BH: Yes that is a huge concern on any popular developer-friendly platform these days, with tons of games releasing every week. And honestly I don’t have a clue how to combat that other than to hope the game can stand out on [it’s] own merits. But I don’t really dare hope too much and can’t make any projections on sales. I was very fortunate with Gunman Clive on the 3DS, with the right timing and price point to stand out and I don’t expect to experience that again.

ND: Our readers see new indie games announced for Switch nearly every day. What do you feel sets your game apart from other offerings on the platform?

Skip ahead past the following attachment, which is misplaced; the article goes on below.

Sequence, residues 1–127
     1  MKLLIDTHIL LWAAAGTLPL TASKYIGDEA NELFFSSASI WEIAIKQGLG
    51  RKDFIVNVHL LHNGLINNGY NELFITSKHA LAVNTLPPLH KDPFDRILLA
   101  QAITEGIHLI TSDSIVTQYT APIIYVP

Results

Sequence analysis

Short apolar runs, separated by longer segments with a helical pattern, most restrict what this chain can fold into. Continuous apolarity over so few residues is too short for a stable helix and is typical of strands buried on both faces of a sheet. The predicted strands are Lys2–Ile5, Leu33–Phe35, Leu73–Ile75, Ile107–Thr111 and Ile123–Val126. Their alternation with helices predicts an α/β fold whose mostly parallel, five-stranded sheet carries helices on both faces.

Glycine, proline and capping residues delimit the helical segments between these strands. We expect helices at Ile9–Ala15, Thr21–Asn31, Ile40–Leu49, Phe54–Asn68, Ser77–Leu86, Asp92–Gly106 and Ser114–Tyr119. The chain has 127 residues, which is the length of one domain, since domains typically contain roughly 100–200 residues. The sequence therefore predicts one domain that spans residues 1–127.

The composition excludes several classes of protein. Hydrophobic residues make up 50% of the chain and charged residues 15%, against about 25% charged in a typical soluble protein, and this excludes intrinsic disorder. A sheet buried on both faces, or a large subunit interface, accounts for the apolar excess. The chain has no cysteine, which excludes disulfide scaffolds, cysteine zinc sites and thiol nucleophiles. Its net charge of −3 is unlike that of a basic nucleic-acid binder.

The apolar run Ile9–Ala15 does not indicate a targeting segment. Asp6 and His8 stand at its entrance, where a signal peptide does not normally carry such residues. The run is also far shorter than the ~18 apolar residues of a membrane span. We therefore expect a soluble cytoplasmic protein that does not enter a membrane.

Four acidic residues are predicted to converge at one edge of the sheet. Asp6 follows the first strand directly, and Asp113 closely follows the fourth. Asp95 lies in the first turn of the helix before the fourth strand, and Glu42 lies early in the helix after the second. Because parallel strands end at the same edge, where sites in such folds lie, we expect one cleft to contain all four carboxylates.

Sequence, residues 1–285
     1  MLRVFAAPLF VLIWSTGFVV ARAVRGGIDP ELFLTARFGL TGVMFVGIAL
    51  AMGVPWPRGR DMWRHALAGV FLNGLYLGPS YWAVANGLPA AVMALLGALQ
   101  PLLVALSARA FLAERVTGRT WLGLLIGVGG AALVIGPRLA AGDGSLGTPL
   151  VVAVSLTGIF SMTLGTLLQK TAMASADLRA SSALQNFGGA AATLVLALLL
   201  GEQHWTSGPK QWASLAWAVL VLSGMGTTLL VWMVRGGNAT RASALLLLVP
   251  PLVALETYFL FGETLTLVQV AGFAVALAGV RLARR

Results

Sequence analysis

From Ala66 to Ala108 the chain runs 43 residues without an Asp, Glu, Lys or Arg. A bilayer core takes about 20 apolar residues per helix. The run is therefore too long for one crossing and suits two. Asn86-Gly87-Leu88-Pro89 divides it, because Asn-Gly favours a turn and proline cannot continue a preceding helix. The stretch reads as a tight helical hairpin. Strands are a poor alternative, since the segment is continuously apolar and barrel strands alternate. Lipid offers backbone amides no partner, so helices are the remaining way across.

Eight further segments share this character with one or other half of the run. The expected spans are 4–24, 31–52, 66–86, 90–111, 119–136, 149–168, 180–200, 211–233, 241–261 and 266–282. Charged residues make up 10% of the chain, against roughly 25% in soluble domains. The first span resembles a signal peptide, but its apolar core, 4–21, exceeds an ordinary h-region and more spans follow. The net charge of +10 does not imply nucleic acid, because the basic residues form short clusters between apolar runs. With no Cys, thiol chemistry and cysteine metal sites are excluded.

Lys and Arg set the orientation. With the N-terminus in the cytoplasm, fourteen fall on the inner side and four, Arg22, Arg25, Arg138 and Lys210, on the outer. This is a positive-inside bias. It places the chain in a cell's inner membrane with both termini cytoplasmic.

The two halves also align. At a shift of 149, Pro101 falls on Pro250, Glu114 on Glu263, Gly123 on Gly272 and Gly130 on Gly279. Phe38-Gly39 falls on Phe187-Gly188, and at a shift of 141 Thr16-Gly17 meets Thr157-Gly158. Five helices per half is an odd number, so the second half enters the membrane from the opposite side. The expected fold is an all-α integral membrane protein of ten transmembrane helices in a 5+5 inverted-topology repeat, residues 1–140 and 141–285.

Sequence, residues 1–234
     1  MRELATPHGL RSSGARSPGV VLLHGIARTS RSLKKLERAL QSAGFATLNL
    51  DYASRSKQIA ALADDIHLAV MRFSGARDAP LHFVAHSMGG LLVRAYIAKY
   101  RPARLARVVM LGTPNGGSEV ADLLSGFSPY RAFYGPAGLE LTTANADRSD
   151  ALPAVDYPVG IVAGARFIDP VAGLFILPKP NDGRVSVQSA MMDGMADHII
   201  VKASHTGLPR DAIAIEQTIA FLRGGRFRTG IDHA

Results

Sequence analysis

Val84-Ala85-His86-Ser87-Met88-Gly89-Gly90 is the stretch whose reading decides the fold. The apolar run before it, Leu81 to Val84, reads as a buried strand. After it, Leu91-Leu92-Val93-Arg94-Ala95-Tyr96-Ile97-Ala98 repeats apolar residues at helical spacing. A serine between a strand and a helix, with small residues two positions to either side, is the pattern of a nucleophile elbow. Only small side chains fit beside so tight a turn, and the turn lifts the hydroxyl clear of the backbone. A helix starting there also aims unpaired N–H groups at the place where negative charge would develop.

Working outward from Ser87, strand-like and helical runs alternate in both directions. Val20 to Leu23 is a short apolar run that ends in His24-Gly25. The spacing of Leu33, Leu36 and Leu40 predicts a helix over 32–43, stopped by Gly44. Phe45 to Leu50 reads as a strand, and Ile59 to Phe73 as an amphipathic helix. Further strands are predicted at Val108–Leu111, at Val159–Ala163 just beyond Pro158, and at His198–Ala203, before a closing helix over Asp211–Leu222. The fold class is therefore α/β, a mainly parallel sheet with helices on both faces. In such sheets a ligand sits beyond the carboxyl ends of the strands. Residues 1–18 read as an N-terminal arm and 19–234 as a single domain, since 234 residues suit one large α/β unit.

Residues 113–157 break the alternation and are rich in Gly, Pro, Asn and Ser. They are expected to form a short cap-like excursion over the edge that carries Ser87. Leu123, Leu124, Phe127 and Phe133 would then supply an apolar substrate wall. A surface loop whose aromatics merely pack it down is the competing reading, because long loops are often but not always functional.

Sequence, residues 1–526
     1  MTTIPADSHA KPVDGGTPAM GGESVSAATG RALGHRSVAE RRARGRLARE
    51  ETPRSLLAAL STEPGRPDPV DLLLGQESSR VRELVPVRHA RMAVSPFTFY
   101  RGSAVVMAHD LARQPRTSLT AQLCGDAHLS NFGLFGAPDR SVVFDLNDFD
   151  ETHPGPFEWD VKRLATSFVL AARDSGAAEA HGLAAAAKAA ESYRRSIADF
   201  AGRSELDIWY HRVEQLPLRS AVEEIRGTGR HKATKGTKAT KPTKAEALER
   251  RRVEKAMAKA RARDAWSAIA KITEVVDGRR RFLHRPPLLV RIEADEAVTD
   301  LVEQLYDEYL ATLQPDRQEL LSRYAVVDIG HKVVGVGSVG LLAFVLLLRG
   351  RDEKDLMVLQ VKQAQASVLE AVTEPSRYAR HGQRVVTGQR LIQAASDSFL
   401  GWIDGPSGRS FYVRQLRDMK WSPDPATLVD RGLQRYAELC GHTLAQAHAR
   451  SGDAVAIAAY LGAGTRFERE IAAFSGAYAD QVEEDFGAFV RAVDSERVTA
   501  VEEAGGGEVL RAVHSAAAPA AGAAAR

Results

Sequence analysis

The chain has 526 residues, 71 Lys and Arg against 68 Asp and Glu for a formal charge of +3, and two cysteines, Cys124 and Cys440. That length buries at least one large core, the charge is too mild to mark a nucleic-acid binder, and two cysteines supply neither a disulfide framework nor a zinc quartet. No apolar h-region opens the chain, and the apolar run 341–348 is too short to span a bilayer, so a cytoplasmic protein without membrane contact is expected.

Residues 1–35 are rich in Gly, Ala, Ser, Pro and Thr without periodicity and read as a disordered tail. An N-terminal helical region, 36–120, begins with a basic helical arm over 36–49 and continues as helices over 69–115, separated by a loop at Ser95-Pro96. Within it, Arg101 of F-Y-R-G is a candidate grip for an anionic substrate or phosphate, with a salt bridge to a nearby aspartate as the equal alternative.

BH: I don’t think there is much out there that’s very similar to this game. There are only a few other boss rush games that I’m aware of, the closest I guess would be Cuphead and Furi, but they are more focused purely on dodging the bosses’ attacks, while here there is a lot more interaction with the bosses, climbing up on them, destroying different parts etc., so the gameplay is quite different. Either way I think everyone who likes action platformers and big bosses should check it out.

ND: With both Gunman Clive games, you handled all of the game’s development outside the soundtrack. For Mechstermination Force, you brought two extra developers on. Was it tough to make the jump from solo development to working as part of a team?

BH: Yes there were certainly some challenges. It had been 6 years since I last worked with a team and I had never been in charge before, so there was certainly some adjustment period needed, and I still don’t really know what I’m doing in terms of leadership and project planning. And I can be pretty hands-on and probably quite difficult to work with as I’m used to doing everything myself.